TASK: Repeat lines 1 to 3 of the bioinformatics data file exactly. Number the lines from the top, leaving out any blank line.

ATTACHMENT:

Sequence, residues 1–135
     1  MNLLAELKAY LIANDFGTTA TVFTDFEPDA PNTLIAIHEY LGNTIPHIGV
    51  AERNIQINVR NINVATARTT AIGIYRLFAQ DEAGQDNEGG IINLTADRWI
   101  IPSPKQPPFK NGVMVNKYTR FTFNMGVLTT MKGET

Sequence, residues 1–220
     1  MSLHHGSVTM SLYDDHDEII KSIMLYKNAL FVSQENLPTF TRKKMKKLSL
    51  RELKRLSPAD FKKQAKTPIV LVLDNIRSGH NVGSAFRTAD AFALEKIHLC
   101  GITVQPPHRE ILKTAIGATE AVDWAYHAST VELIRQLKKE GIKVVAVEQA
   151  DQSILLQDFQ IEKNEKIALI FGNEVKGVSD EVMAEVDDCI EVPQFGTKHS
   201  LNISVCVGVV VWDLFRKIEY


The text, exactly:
Sequence, residues 1–135
     1  MNLLAELKAY LIANDFGTTA TVFTDFEPDA PNTLIAIHEY LGNTIPHIGV
    51  AERNIQINVR NINVATARTT AIGIYRLFAQ DEAGQDNEGG IINLTADRWI